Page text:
Dear Unknown God

What makes a good friend?

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Acts 17:22-31

What makes a good friend?

Loves, Listens, Kind, Shows Up, Honesty, Reliability, Doesn’t Betray You

Proverbs 17:17 says, “A friend loves at all times.”

What if God’s call to us is to work on making friends?  That’s more like the approach Paul is taking in today’s scripture reading. 

Last Sunday we read about Stephen testifying before the Jewish Council.  His sermon to them is a witness to the resurrection, but it’s confrontive because he’s being accused of blasphemy.  He’s filled with the Holy Spirit as he speaks, but he still ends up being stoned by the Jewish council—And there in the background watching the punishment was Saul. (Acts 7)

Today in Acts 17, Saul has dramatically changed from being a zealous persecutor of Christians to the zealous Christian missionary bringing the gospel to both Jews and Gentiles, and more often now using the Greek version of his name—Paul.  He’s had dramatic life-changing encounter with Jesus.

Now that Paul is a friend and follower of Jesus, he’s passionate about telling everyone. He’s been to cities all around the northern Mediterranean telling about Jesus’ resurrection, and now he is in Athens. Not surprisingly, this draws attention and so Paul has been asked to speak before a council.  This time, instead of a Jewish council, Paul is speaking to a Greek council.  But these Greeks know nothing about Jewish history or Jewish scripture, and nothing about God.  They study Greek philosophy, and they have altars and temples throughout the city built to honor their gods.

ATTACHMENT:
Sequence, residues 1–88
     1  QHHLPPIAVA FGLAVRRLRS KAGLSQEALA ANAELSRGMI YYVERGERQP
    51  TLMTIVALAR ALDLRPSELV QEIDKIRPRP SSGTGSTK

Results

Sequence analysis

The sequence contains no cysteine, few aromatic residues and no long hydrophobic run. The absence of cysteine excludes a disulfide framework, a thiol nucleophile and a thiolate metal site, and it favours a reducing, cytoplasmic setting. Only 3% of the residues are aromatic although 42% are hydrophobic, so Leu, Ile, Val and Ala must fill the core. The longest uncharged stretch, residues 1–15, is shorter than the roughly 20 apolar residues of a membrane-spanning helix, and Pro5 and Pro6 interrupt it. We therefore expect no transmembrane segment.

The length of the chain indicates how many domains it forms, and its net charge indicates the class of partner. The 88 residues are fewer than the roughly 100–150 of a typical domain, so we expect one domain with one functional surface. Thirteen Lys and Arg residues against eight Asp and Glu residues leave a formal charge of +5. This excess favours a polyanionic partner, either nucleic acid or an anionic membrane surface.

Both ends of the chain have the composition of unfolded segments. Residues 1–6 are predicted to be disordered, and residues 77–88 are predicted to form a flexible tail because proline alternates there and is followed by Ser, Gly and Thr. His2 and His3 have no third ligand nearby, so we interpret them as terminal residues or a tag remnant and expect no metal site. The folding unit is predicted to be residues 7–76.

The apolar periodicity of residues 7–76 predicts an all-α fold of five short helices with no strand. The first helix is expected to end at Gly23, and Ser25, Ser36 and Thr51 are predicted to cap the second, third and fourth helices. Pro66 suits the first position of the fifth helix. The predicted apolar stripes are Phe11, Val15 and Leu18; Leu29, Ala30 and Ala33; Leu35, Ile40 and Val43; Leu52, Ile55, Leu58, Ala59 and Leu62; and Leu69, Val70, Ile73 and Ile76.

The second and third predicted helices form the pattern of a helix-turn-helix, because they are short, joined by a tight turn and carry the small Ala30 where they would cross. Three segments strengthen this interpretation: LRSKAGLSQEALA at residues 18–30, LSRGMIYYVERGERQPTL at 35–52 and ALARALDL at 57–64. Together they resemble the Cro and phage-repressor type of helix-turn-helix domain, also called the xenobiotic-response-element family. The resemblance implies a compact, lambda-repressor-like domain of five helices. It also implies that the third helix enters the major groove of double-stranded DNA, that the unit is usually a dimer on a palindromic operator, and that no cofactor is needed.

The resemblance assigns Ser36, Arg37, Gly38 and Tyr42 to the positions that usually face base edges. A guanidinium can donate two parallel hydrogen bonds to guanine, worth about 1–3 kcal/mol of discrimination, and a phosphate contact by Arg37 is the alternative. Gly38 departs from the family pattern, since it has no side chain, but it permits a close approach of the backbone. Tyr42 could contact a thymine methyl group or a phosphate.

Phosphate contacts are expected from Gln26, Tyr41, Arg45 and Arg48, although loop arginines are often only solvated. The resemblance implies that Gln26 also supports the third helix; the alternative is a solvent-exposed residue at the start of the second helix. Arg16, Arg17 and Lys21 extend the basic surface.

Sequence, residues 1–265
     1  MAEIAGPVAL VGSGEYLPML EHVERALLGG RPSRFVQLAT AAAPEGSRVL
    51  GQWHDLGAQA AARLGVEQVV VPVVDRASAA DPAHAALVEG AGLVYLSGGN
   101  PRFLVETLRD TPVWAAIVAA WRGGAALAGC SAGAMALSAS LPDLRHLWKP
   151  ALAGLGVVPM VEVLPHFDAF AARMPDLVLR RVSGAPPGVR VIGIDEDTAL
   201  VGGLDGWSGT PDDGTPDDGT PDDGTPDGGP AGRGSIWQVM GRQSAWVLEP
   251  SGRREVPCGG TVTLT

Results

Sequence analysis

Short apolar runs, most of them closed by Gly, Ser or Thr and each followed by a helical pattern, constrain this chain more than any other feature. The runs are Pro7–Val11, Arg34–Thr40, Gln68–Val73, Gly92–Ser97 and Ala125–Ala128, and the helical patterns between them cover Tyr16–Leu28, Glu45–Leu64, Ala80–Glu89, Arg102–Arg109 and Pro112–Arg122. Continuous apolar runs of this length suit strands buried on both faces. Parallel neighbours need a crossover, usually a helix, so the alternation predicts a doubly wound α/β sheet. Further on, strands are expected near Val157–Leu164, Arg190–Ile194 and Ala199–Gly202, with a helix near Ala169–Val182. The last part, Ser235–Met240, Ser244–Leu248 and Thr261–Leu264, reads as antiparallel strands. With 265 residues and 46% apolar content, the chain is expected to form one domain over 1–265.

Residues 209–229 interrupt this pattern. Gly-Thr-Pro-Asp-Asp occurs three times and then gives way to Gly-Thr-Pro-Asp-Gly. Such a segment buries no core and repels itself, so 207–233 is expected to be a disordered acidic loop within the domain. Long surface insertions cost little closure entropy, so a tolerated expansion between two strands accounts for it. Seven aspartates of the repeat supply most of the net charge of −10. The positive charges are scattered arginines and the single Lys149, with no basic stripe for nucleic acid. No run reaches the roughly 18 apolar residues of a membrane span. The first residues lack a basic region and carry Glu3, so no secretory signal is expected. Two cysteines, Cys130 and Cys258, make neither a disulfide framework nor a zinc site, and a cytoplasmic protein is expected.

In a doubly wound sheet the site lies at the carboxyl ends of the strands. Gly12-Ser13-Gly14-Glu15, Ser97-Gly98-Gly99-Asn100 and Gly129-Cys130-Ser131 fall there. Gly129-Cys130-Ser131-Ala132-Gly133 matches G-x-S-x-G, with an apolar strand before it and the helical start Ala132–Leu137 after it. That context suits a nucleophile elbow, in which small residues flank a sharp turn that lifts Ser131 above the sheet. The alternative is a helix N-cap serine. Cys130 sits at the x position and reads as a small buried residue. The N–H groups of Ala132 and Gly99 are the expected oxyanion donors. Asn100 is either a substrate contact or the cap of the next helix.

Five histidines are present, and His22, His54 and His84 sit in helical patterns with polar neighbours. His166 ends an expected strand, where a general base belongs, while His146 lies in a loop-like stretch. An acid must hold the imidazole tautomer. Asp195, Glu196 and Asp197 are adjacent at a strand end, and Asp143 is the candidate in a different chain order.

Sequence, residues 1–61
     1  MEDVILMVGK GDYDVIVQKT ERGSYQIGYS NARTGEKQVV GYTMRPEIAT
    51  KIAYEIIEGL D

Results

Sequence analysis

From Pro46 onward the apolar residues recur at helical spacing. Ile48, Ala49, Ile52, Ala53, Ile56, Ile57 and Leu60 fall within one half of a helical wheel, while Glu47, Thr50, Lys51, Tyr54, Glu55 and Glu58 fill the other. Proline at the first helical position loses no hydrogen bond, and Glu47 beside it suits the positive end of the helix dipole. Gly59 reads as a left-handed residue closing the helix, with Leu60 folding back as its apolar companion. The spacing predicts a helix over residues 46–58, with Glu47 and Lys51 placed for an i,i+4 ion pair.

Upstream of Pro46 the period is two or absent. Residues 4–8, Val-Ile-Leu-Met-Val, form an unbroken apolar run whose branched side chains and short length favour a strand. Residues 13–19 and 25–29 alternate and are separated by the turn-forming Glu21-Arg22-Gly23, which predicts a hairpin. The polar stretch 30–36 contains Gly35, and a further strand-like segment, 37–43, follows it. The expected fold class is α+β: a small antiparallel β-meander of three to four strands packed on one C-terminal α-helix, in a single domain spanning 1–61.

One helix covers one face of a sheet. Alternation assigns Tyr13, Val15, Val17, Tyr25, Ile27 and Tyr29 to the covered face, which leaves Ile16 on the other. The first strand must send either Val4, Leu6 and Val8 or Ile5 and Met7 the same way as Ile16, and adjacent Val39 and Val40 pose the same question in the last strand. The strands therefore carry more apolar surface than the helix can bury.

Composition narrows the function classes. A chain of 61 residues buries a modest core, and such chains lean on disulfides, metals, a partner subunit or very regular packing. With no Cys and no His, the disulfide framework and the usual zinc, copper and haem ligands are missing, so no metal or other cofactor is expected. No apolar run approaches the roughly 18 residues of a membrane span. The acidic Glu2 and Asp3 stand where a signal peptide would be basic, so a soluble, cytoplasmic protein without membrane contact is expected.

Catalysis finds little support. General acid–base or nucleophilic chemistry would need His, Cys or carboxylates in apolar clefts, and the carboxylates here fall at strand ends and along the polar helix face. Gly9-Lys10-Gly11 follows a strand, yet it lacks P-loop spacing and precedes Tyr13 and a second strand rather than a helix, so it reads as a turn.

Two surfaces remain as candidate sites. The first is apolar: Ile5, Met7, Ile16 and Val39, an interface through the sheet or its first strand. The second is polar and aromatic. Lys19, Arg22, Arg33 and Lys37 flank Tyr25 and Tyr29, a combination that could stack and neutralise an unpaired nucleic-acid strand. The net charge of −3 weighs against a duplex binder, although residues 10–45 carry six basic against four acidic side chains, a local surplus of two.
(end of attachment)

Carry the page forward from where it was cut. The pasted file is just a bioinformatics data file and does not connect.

Paul doesn’t jump right to preaching.  He has discussions with the Jews and other like-minded people at their meeting place, the synagogue. And every day he goes out on the streets and talks with anyone who happens along. He gets to know some of the Epicurean and Stoic intellectuals through these conversations, and that’s what gets him invited to speak at the Areopagus.

During Paul’s exploring he found a shrine that said, “to the god nobody knows.”  And so Paul begins his speech at the Areopagus by noting that the Greeks were very religious, and indeed they were.  They had many gods.  But the Greek gods were quite different from our God.  They believed their gods required appeasement.  Each god had influence in different areas of life, and to make sure things went well in that area, they made an offering to pacify that area’s god.  The offering was purely given to keep that god happy, because an angry god would not let the harvest go well, or the business venture succeed, or the home life be peaceful.  They had no concept of a god who was loving and forgiving, or of the idea of having an ongoing relationship with a god.